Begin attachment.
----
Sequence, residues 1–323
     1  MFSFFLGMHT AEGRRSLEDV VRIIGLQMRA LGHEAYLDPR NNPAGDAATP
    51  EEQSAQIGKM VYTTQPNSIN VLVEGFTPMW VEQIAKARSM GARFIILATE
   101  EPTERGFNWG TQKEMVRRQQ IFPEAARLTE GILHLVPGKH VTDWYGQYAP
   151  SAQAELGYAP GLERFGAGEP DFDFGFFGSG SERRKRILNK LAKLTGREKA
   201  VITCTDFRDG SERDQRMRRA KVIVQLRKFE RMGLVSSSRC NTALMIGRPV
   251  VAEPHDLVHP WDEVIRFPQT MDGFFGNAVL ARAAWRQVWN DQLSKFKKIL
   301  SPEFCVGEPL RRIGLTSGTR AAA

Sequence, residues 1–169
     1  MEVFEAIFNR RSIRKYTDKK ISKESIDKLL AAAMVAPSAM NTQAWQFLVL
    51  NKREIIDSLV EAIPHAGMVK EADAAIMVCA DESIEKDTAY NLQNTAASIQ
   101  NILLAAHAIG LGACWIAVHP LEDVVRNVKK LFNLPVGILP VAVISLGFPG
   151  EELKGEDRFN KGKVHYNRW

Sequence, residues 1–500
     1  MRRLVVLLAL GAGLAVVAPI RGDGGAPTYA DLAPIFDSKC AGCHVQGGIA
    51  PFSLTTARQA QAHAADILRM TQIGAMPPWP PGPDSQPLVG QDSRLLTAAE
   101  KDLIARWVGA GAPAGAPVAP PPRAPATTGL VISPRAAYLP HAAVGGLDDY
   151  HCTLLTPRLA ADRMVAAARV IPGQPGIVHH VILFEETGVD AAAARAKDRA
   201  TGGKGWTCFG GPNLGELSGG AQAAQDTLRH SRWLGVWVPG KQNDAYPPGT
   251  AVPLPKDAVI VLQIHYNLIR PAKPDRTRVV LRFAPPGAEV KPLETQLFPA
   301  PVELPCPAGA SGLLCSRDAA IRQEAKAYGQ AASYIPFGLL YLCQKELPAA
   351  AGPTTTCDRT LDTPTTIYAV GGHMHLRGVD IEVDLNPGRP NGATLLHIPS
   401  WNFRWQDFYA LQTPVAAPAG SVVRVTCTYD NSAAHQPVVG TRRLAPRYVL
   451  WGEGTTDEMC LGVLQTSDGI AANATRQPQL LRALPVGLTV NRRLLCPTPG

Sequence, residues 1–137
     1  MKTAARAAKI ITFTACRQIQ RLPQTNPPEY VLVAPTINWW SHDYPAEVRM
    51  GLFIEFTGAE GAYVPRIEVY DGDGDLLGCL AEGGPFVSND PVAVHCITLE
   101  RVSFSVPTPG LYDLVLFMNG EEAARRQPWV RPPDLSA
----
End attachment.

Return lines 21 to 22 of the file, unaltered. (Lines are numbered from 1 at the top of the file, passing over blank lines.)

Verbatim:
   301  PVELPCPAGA SGLLCSRDAA IRQEAKAYGQ AASYIPFGLL YLCQKELPAA
   351  AGPTTTCDRT LDTPTTIYAV GGHMHLRGVD IEVDLNPGRP NGATLLHIPS